If Durban fails to bring about a new round of targets for cutting emissions, the world may be confronted with additional adaptation challenges.
Climate change funding is supposed to be equally split between mitigation and adaptation measures.
Currently, however, the perception is that it overwhelmingly favors mitigation — just US$250 million has been committed to the UNFCCC’s Adaptation Fund, which was set up at the Bali COP in 2007.
Even if current emission reduction targets are met, climate change adaptation will be required. Already, some countries around the world are facing new climate-related risks.
But if Durban fails to bring about a new round of targets for cutting emissions, the world may be confronted with additional adaptation challenges.
The Global Adaptation Institute
has developed an index
to help guide investment and measure progress in adapting to climate change. The index is based on a Readiness Matrix that illustrates the comparative resilience of countries. It measures their relative vulnerability and the extent to which they are prepared to deal with climatic and environmental changes.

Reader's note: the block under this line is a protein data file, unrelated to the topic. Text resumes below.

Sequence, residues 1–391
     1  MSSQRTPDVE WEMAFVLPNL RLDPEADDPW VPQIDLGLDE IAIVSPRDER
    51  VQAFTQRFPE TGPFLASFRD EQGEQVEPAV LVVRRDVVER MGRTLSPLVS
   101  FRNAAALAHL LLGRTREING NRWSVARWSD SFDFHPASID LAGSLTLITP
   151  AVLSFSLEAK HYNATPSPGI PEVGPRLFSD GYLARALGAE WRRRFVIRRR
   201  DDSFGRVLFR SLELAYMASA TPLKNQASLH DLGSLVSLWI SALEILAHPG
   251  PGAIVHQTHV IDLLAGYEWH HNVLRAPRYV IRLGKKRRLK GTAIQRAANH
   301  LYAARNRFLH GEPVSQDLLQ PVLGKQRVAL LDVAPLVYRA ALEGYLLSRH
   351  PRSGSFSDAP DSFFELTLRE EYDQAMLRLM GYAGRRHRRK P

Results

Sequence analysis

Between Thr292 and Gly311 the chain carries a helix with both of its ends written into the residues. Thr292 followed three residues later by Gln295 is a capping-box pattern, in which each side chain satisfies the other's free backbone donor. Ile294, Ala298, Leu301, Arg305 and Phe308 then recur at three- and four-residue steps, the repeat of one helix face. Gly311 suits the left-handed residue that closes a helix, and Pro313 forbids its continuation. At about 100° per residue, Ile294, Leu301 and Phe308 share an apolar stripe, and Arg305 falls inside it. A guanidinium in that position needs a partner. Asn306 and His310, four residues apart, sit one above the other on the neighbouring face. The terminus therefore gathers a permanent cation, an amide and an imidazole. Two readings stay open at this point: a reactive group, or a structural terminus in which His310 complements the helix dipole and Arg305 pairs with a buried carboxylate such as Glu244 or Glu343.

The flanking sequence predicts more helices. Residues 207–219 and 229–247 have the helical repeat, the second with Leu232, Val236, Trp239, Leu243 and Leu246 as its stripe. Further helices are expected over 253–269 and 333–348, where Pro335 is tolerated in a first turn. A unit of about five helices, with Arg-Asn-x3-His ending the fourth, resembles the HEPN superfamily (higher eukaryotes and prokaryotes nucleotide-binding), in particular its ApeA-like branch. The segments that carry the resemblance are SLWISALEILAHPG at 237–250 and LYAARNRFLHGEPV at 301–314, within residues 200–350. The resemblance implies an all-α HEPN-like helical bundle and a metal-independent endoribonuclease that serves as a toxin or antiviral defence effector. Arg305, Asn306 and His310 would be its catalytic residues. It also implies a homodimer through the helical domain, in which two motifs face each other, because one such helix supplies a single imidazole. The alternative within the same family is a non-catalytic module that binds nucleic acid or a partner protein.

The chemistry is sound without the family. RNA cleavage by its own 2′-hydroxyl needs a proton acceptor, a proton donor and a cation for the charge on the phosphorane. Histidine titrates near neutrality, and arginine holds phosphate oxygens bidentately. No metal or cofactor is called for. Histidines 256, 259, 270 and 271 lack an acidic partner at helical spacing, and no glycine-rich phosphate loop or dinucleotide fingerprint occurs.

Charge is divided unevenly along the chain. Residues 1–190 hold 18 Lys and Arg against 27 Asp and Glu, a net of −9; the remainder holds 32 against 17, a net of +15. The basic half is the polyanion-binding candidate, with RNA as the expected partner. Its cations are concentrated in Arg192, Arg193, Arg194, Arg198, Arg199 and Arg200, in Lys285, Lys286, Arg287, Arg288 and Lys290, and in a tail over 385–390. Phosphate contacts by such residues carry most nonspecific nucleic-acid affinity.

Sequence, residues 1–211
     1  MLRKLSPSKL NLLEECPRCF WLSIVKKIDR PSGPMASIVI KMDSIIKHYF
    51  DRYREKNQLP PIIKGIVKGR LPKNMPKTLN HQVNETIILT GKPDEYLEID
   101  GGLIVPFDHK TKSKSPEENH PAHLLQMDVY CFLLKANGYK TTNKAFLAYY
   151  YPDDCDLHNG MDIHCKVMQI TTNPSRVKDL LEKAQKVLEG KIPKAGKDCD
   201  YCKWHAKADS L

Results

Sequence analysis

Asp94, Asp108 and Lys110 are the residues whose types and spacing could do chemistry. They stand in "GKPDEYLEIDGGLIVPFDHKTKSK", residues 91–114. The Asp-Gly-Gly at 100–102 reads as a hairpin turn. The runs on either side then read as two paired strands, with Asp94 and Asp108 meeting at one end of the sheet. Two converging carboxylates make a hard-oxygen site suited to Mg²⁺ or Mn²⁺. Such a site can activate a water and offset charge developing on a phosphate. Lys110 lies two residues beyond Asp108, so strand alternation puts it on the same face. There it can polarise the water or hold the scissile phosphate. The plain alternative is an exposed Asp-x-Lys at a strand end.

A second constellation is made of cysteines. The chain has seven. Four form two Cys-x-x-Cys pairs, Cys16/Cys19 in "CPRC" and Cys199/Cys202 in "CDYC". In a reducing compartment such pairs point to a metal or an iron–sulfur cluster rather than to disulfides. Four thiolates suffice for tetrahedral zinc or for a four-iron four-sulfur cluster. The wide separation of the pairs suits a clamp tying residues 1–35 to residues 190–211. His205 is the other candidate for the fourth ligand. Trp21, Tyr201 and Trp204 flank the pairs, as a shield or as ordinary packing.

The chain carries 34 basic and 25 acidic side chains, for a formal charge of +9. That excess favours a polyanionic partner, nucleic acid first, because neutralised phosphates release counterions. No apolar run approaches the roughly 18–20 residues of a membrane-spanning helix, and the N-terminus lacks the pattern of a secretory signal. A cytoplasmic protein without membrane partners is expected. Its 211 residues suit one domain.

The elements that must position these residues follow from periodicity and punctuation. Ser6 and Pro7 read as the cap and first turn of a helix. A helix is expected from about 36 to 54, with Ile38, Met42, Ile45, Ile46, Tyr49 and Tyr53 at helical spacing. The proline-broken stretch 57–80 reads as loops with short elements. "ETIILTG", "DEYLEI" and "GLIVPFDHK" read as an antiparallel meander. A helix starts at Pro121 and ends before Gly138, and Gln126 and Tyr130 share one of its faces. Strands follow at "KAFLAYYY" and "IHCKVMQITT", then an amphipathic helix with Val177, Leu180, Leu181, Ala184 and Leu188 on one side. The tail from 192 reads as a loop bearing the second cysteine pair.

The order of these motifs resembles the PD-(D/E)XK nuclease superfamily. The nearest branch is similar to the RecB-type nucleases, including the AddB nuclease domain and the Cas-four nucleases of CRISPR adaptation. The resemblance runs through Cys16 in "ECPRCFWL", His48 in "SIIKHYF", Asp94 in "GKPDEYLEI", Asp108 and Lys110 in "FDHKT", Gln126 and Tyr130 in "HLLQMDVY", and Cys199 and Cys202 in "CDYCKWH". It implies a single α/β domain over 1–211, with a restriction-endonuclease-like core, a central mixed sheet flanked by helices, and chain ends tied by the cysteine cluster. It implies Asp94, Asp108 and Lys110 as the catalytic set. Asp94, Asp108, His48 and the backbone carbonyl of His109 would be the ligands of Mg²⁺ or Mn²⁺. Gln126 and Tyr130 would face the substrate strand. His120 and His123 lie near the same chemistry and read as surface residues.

Vulnerability measures a country’s exposure, sensitivity and ability to cope with climate related hazards, as well as accounting for the overall status of food, water, health and infrastructure within the nation. ‘Readiness’ targets those portions of the economy, governance and society that affect the speed and efficiency of absorption and implementation of adaptation projects.
The Readiness Matrix
The Matrix shows a clear link between GDP and the vulnerability of countries to climate change.
Although a number of emerging markets have made progress in enhancing their adaptation capabilities, important gaps remain.
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